So it’s snowing in Istanbul. With nearly 30 brutal Minnesota winters under my belt, you’d think I’d seen it all when it comes to arctic weather conditions, but the past few days have proved that wrong.
- Everyone freaks out. Before the snow accumulates, schools are canceled, people leave work, and the streets become ghost towns. And Istanbul’s online forums/groups are quite literally blowing up about snow-related topics. Even when someone posts something vague like, “any news?” everyone intuitively understands they must be asking if school is
- It thunders and lightnings. Well, that was unexpected! Never experienced that one.
- You see sunshowers, but with snow. Is there even a word for this? Sunsnowers? Other ideas? Another first for this blizzard veteran.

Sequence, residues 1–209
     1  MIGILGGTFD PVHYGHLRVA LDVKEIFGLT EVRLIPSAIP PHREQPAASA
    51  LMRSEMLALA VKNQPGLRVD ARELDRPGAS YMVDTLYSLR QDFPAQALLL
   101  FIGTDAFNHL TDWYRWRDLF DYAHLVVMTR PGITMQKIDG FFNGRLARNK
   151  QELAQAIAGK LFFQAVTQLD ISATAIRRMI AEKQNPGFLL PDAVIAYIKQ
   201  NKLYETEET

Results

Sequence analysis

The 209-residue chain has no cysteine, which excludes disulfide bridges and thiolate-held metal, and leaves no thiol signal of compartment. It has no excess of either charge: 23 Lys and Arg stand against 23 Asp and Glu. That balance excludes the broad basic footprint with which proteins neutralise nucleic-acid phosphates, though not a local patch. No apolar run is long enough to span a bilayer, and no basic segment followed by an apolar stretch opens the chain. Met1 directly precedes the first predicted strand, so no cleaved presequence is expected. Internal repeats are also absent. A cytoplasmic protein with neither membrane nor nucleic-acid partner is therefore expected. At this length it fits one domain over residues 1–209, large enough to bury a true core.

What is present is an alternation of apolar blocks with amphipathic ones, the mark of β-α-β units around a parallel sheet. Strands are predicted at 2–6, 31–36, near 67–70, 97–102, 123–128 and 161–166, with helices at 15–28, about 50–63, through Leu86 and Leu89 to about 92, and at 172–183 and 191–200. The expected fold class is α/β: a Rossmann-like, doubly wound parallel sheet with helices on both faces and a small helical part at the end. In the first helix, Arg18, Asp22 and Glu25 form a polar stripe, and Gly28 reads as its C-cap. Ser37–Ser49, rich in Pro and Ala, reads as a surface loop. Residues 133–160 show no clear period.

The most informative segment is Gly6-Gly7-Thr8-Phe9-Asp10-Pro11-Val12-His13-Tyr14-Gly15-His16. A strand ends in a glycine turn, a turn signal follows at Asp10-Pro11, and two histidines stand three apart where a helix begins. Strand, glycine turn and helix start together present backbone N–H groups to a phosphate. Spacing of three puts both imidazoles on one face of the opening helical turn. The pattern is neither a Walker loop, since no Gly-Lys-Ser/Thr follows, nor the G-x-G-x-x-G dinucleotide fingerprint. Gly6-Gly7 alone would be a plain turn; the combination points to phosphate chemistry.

- You get flakes that more closely resemble mini-snowballs. Really. It’s shaped like hail, but entirely snow. Again, not really a thing in Minnesota, unless being gone for a month has somehow erased the “snow memories” folder in my brain?
Definitely comment if you can pinpoint any snow-lightning/sunsnower/snow-pellet-related experiences (say that ten times fast!) I may have had living in a tundra.
- Istanbul deploys all of its snow-related resources (spoiler: not that many). In more than one mile (don’t feel like using the metric system anymore) of walking these past few days, I’ve witnessed one snowplow (that seemed to be having some trouble) and zero particles of road salt. The whole salt-free thing is a problem given how crazy hilly it is here (think San Francisco).
- People get resourceful. While stores here don’t sell tampons (seriously), they apparently do sell sleds because we saw a kid get transported down the street in one. I also saw many umbrellas, which seemed super silly at first. To be fair, given the big, wet snowflakes here, I suppose there’s some sense to it. But you still won’t see this Minnesota native use an umbrella as a snow-shield anytime soon.